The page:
The Australian Dream Series


Ceiling Heights

The need to incorporate the appropriate ceiling height to achieve the 'correct look' for the design of the home would be apparent to most people.- A replication of a 'Victorian' or 'Edwardian' style requires a high ceiling height to enable a duplication of the features of that era and at the other end of the scale a 'log cabin' design would be more suited to a low ceiling height to emphasise the feel of that particular design.

Ceiling heights have traditionally been from 3 met. (10 ft.) to 3.6 met. (12 ft.) for homes prior to the 1950's and into the 60's, down to 2.4 met. (8 ft.) for many designs throughout the 70's into the 80's and early 90's.

The preference currently tends to be for 2.7 met. ceiling levels. In addition to creating a more open feeling to a home against the possibly more economical 2.4 met ceilings that were common earlier, this higher ceiling level enables clearance for ceiling fans - which are an excellent item for circulating air for heating and cooling - and permits more design flexibility, in for example the use of taller feature windows and doors.

To give an indication, the difference between a ceiling height of 2.4 met. and 2.7 met. equates to an increase of 12.5% in both internal and external wall stud heights; the lining material to both sides of the internal walls; the internal lining and external skin of exterior walls plus any insulation.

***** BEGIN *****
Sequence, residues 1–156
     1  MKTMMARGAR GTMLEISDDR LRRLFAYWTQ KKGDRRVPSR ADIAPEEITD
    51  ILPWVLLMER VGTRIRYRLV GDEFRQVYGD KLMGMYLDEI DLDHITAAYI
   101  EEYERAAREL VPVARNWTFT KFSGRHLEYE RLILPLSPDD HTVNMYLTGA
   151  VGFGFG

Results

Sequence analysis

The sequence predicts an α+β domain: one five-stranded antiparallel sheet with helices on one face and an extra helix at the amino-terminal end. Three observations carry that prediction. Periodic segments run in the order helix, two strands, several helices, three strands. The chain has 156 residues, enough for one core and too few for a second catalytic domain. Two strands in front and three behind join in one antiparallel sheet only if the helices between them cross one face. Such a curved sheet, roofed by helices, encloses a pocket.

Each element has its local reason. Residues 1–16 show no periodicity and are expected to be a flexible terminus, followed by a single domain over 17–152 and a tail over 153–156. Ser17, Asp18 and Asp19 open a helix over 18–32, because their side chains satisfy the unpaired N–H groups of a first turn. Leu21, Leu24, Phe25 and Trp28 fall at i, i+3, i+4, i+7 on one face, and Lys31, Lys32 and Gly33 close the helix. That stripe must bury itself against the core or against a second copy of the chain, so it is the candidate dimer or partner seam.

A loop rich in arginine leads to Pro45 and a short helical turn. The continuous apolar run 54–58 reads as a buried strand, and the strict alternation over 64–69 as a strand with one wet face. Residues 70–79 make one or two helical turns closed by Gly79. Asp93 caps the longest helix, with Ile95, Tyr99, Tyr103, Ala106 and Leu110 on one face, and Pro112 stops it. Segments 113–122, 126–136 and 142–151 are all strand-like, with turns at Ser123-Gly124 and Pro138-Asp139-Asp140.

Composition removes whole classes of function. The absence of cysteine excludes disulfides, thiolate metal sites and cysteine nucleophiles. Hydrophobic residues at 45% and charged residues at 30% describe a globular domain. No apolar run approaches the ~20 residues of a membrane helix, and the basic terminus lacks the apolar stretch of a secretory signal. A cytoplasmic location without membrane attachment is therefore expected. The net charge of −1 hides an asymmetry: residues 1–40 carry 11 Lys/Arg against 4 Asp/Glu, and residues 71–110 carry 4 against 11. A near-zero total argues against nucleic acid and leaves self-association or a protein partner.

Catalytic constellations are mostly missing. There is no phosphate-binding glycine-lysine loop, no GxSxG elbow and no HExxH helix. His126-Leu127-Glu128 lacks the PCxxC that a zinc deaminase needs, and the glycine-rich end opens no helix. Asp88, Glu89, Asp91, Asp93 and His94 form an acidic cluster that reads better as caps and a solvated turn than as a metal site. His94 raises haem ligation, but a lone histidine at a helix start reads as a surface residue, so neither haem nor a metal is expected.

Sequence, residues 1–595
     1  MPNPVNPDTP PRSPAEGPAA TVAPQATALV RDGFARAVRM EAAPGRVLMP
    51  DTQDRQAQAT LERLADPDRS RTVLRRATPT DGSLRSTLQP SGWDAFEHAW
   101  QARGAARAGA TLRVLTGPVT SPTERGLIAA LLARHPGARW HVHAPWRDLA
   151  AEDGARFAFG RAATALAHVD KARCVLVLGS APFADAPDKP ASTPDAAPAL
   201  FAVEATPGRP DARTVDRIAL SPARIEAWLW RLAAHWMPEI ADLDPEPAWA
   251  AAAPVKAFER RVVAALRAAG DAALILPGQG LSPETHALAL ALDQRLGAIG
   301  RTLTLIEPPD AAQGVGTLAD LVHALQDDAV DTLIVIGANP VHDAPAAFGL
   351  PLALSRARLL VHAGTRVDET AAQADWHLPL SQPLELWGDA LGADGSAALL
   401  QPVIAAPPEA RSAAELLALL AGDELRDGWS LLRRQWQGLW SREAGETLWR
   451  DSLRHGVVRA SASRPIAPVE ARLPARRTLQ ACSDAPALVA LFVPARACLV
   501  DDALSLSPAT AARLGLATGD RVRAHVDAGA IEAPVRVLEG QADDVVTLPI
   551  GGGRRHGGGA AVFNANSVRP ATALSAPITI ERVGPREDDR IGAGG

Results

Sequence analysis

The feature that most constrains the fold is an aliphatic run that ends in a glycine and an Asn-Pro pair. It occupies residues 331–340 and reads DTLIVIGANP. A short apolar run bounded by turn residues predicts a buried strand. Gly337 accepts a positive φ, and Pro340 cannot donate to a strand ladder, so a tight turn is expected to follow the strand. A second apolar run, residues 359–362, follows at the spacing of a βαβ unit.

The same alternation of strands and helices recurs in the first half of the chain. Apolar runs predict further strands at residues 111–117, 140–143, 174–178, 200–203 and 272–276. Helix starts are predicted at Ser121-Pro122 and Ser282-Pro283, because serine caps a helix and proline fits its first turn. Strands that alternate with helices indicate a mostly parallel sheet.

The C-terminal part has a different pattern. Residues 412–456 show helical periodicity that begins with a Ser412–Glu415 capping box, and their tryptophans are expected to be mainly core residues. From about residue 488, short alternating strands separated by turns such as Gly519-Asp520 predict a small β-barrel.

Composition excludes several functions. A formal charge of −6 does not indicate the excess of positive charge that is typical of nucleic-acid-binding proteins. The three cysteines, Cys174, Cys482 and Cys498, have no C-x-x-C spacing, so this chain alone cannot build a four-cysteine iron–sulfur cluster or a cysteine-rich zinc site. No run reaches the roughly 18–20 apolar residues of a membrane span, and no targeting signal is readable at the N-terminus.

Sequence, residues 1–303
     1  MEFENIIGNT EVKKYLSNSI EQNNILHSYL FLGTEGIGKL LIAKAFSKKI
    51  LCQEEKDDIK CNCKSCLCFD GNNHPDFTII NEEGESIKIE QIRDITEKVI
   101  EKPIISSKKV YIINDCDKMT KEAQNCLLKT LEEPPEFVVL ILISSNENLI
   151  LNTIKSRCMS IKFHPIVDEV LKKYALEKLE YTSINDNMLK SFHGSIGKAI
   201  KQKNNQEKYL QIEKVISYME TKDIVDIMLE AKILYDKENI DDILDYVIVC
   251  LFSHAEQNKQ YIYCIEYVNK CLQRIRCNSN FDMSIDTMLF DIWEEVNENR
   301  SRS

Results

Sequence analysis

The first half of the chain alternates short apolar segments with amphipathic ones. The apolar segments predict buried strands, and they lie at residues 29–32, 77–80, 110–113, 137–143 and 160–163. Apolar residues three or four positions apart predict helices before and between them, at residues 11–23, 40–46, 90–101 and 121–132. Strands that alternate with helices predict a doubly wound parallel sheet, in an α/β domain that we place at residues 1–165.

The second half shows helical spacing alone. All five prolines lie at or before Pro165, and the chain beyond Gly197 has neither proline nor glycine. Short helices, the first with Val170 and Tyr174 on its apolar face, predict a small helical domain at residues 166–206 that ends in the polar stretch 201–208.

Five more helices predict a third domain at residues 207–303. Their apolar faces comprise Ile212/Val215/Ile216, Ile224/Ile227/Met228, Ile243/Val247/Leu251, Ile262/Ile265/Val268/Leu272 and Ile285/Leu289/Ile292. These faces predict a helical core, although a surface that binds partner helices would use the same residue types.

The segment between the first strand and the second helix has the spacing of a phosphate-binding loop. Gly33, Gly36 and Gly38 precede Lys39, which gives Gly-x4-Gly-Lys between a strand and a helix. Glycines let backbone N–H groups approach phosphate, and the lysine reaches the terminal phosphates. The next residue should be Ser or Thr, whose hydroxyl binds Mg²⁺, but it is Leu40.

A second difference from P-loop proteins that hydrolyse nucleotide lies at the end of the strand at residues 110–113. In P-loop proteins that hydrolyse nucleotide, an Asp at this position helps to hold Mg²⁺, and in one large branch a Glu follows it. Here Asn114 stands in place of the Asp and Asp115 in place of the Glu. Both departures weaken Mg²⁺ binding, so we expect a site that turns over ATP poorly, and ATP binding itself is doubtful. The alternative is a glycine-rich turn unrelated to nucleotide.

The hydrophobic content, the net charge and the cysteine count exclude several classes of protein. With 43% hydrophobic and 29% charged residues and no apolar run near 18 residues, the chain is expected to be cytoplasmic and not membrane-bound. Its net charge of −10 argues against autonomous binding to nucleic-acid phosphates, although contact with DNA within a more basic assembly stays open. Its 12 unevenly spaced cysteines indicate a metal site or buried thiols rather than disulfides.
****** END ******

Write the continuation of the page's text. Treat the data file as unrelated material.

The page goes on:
A home with a 2.4 ceiling height, a normal roof slope of around 27 degrees and standard 450mm eaves would result in the eaves lining being directly on top of the window head as shown below.
A 2.7 ceiling level would require an infill [ of 300mm ] over the windows, typically in weather boards or brick.
(Brick lining requires the addition of steel lintels over the openings.)
This is not a major cost, but as can be seen it does have an influence the outside appearance of the home.

In some situations on reactive soil sites, vertical control joints are required to lessen cracking in brickwork due to foundation movement. Typically full height window locations would be used to serve as a 'breaking' of the panels to achieve the requirement. With higher ceiling levels timber infills may be employed above the windows to continue the break in the brickwork. In the situation where the brickwork is continuous over the windows, a straight vertical joint may needed in the panel from the window head to the eaves.

Possibly the biggest area where ceiling heights can impact on the exterior of the home is in relation to the design of verandahs.
Building regulations require a clearance of approximately 2100mm from the underside of the verandah beam to the decking level or ground level as the case may be.
Using an example of a 2400 ceiling level; a 27 degree roof slope with a single step down from the house, shows that to achieve a 1.8 met. wide verandah, that our verandah roof slope would have to be altered to approximately 14 degrees to conform with regulations. - creating a 'bell roof' effect.
A ceiling height of 2700 would enable us to incorporate a 22 degree pitch to our verandah.
A 'homestead' style design with a typical 17 degree pitch in conjunction with a 2700 ceiling level would enable a 2400 wide verandah under the existing roof slope. [ no bell ]

It can be seen that those wishing to include wider verandahs or to lower ceiling heights to meet a budget can be faced with several design restrictions.
There is the option - more so with stump and timber floor construction - to have several steps down from the house floor level to the deck level. [Building regulations require that with more than 3 steps - 570mm - a handrail needs to be installed.]
In most cases more than one step down is not a design option for many people.


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